would expect from a risk free asset. In other words: for anything other than risk free cash you would demand a higher return. = Dividend Yield - it is quite easy to forget the importance of a
dividend yield, alternatively known as cash flow, but when looking
The average inflation rate, using CPI, for the last ten years has
at long term total returns from equity you will see that the
been 5.84%. This should also be placed in the context of the South
reinvestment of dividends accounts for the majority of your overall
African Reserve Bank's target range of 3% - 6%. Inflation has a vast
number of interrelated components than can positively or
= X-factor – this would be very difficult, if not impossible, to predict
negatively affect the final number. We will not make an attempt at
as this is the positive or negative return enjoyed by investors after
predicting these variables, but rather give a broad synopsis. We do
think that the Reserve Bank will, on average, keep inflation within the target range. It is also likely that global authorities will continue to pursue a positive, but controlled inflation environment, thus impacting South Africa's inflation environment. RISK FREE RATE
At a glance we can see that historically both the dividend yield and risk-free rate have been positive, with inflation and the x-factor moving between positive and negative territory. The average yield of the above components can be summarized as follows: The above graph depicts the downward trend in interest rates.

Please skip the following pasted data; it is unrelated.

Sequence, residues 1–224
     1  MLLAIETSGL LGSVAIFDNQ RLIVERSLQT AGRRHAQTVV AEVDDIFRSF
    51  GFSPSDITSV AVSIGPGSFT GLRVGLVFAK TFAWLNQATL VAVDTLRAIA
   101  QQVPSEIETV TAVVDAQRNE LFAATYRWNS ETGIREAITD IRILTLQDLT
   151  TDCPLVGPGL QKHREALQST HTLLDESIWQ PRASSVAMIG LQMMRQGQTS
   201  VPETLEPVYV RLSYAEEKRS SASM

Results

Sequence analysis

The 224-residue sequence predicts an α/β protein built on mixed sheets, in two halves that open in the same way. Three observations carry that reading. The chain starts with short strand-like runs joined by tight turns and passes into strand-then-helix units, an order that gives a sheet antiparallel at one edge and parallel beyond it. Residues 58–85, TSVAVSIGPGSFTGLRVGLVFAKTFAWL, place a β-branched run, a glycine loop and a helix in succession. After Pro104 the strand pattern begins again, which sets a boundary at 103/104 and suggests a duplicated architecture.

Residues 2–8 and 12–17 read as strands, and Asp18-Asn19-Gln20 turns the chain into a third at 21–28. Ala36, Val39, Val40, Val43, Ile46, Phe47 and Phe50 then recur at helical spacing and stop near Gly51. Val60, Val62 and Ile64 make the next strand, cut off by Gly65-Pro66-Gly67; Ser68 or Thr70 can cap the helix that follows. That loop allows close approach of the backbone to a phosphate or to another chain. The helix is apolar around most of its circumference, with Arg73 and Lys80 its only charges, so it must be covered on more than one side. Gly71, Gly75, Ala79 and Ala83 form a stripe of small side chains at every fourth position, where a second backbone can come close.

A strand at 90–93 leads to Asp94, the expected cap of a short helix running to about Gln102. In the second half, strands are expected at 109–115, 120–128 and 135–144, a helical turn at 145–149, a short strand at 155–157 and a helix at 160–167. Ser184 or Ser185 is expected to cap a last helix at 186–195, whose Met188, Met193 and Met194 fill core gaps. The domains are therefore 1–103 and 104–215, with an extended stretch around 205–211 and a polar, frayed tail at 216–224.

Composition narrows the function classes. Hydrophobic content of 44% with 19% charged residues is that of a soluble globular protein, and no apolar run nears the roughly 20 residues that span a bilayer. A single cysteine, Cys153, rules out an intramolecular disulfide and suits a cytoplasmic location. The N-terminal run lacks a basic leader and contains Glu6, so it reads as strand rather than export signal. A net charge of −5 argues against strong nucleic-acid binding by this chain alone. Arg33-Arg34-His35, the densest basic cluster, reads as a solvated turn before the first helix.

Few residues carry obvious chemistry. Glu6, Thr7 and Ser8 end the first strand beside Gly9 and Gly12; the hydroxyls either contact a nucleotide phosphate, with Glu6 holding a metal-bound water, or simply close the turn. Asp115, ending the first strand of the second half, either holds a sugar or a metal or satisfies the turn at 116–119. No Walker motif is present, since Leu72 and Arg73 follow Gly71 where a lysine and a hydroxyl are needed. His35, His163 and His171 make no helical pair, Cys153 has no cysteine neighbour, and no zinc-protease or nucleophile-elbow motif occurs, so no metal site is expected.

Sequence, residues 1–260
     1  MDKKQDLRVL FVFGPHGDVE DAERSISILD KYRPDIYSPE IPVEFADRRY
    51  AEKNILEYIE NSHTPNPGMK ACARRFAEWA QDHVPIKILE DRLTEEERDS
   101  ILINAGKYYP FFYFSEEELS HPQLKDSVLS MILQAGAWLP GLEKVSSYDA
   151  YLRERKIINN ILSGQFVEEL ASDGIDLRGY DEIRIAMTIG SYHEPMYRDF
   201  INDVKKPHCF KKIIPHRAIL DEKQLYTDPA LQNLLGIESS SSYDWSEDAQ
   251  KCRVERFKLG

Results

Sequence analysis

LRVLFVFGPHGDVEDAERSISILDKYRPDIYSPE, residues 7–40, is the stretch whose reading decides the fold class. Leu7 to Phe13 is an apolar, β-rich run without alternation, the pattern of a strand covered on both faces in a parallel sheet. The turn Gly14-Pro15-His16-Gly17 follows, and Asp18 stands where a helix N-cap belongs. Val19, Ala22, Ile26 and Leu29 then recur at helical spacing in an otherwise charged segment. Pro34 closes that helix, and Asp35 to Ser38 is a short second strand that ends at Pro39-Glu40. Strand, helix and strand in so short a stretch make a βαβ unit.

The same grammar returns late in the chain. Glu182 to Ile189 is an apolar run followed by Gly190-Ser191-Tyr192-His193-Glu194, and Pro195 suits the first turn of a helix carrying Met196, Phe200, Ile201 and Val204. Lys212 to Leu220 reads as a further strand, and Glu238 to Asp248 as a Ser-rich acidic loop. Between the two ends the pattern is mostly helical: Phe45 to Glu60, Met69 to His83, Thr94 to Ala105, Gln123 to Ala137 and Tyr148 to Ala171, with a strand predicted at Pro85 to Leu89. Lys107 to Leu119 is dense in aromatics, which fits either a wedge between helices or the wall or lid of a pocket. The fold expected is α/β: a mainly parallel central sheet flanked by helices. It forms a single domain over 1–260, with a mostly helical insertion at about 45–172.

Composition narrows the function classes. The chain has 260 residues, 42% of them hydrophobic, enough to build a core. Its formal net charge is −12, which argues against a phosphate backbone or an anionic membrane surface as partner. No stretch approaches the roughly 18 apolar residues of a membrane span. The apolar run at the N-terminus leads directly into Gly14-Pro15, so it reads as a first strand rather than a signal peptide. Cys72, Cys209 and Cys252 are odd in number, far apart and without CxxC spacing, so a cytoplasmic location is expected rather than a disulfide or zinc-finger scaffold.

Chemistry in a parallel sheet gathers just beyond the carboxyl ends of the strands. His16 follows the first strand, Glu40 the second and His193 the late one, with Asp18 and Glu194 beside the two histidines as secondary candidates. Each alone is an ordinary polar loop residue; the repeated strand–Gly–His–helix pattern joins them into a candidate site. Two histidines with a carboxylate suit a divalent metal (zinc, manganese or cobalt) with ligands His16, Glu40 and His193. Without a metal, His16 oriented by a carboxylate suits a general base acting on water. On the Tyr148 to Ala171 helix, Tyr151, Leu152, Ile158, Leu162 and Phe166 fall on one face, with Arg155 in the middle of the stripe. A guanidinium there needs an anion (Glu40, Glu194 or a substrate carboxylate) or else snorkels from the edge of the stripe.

We do think that going forward we will continue to be in a lower
Risk Free Rate (STEFI Call Deposit)
interest rate, and lower inflation rate, environment. As such, the ten
Inflation (SA CPI)
year risk free return, measured by the STEFI Call Deposit rate of
Dividend Yield (JSE All Share Index)
8.93%, is likely to average down over time.
X-Factor (JSE Total Return minus CPI, STEFI &
Dividend Yield) DIVIDEND YIELD
AVERAGE TOTAL RETURN
What we have achieved so far is identifying, describing and quantifying the different components of total return. The next and final step is to determine how this affects us as investors. For the purposes of our discussion let us assume the following going forward: Table 2: Inflation
This is in the middle of the target
Risk Free rate